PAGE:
Welcome to Darling Range Dexter
Darling Range Dexter stud was founded by Rose and Matthew Stevens with help from our son Ben in 2005.
In 2004 we moved to the lush South West of Western Australia where we were located next to the Darling Ranges in Harvey Western Australia but an increasing addiction to Dexter cattle forced us to move so we could expand and develop our herd. We started off by buying a few unregistered Dexter's but mid 2009 we saw an opportunity to move to Victoria to a larger property in Balmattum North East of Euroa Victoria Australia. This gave us the ability to run a greater number of animals and also finish off our cattle longer and to a better standard.
We have a real passion for Dexter Cattle and spend hours training and just being with them, enjoying their company and enhancing their already easy care nature. Along with interest in our own herd we have been active in our association and have in the past had regular input in our national Dexter magazine.
Our breeding direction has resulted in a consistently deep bodied and structurally sound animal with emphasis on natural polling.
We have developed a Paddock to plate philosophy with a passion for ethically raised animals. We only sell our best quality as registered animals for stud and the rest are sold as pets or for beef production, and maintain a grass fed only beef component. We use minimal medicine and chemicals and natural fertilizer to ensure a clean healthy animal every time. We do not use artificial Hormones except in Artificial Insemination.
We love to share our passion for Dexter's and sustainable ethical farming and invite you to spend time looking at our site and feel free to contact us or arrange a stud visit any time.
A Cow called Hathor
It all started when we bought a 25 acre property in Harvey Wa 18/4/05. We had too much grass and nothing to eat it apart for 6 sheep (a big ask for 6 sheep).So we thought, we want to be self sufficient so why don’t we get some cows even though we have no experience with farming (you have to start somewhere).I wanted small cows as I would be handling them myself (as Matt works away). We picked up a quokka (a WA trading newspaper) we saw an advert for Dexter cows for sale with a local breeder;
I went to look without much enthusiasm (I did not realize the potential of the breed). We brought several grade cows as unregisted as it was just going to be some cows for the family’s meat production. But within weeks things had changed considerably they had gone from being just some cows to a major addiction, so we worked out a deal with the breeder to get some of the cows reregisted.
One of those cows was Tanah Kanan Hathor, a cow that was so smart she helped me train the whole herd, she understood what I wanted and she would call the other cows and get them to do what I wanted, it didn’t take them long to catch on. She taught me so much she had personality plus she liked to pretend she was a tough nut but she was really all bluff although she really did not like men much she seemed to like being very difficult if a man had the gall to want her to do something.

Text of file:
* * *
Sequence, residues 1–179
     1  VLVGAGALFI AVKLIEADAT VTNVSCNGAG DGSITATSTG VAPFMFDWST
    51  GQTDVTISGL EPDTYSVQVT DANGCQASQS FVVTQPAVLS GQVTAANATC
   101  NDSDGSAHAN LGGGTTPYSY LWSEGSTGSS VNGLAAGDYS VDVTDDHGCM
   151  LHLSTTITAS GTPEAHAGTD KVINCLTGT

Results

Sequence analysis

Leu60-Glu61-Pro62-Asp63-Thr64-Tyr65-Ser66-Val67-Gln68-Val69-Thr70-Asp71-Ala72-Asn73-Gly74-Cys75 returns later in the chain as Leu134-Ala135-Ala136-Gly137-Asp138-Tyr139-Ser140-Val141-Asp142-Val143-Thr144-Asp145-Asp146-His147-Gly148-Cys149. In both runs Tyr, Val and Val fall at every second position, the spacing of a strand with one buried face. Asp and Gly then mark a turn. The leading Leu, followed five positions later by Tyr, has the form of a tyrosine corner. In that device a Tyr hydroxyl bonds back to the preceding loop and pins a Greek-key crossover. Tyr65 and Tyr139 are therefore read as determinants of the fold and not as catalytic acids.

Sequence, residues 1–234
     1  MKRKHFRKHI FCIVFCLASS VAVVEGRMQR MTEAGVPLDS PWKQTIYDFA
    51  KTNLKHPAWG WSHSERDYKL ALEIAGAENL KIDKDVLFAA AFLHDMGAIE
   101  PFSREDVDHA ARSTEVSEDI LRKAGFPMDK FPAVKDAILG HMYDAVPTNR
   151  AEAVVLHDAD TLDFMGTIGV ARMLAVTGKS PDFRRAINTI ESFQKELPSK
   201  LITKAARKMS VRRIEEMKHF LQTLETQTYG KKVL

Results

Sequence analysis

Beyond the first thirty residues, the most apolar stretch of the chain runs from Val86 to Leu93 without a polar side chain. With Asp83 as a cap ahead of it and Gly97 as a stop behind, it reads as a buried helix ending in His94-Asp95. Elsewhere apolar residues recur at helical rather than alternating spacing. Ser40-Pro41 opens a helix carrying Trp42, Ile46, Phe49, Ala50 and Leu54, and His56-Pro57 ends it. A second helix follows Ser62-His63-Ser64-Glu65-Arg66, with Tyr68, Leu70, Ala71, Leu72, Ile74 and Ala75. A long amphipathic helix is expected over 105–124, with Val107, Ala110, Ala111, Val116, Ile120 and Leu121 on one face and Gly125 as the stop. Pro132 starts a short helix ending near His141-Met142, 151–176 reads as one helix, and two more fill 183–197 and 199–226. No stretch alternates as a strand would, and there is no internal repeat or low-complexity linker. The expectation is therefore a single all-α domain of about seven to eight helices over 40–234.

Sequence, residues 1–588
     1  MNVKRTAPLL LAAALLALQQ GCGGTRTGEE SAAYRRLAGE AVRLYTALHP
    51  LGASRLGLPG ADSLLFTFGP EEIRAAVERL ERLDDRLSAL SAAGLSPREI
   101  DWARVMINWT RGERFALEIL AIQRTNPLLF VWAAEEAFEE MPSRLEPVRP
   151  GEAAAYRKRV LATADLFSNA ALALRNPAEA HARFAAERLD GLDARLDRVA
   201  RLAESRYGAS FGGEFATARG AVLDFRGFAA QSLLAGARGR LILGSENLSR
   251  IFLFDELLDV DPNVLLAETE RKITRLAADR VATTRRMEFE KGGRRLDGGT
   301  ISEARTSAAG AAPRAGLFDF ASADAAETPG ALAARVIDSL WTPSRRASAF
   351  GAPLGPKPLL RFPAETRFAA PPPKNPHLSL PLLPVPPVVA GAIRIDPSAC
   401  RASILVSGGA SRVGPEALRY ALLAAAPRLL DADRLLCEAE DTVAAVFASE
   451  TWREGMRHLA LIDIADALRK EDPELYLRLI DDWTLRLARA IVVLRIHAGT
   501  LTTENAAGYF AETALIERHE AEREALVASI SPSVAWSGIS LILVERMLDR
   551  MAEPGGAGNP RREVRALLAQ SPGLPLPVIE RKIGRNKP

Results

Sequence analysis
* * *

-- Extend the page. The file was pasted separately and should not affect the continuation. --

There was one funny day when Hathor had pink eye, we had friends over and the men said” we will bring her in” when I tried to protest I was shut down “no we can do it” so I said “ok” knowing full well they would not be able to bring her in. I was laughing as she had them running around and around that paddock. After a few minutes I decided she had had enough fun for one day, so I walked to the gate yelled out “come on Hathor lets go” and she ran out the gate and walked with me up to the crush as if butter wouldn’t melt in her mouth leaving the guys doubled over puffing in the paddock.
Another cow from the same lot was Yasmin the sweetest cow you could ever meet she brought her calf up to me to meet it she took great pride in introducing us. We ended up selling most of those cows on so we had all registed animals one was Stoney brook Tracy a very passionate girl she loves attention she got so used to me being there all of the time and when I was not there for her calving as usual she yelled at me. When I finally made my way out to paddock and she continued to yell at me until I had met her calf and congratulated her on her good work.
At the same time we bought a bull called Cresthill Tullamore to sookiest bull ever he made a deal with my 5 year old son he would walk up to the gate so Ben could climb onto his back and scratch him. We are so addicted we moved 50 head of cows from Wa to a 100 acre in central Victoria. I now have paddocks full of Black, Red and Dun sooks and never have to round them up all I have to do is call and they come running. Through all of this we have gotten to meet many people who love dexters from all different walks of life.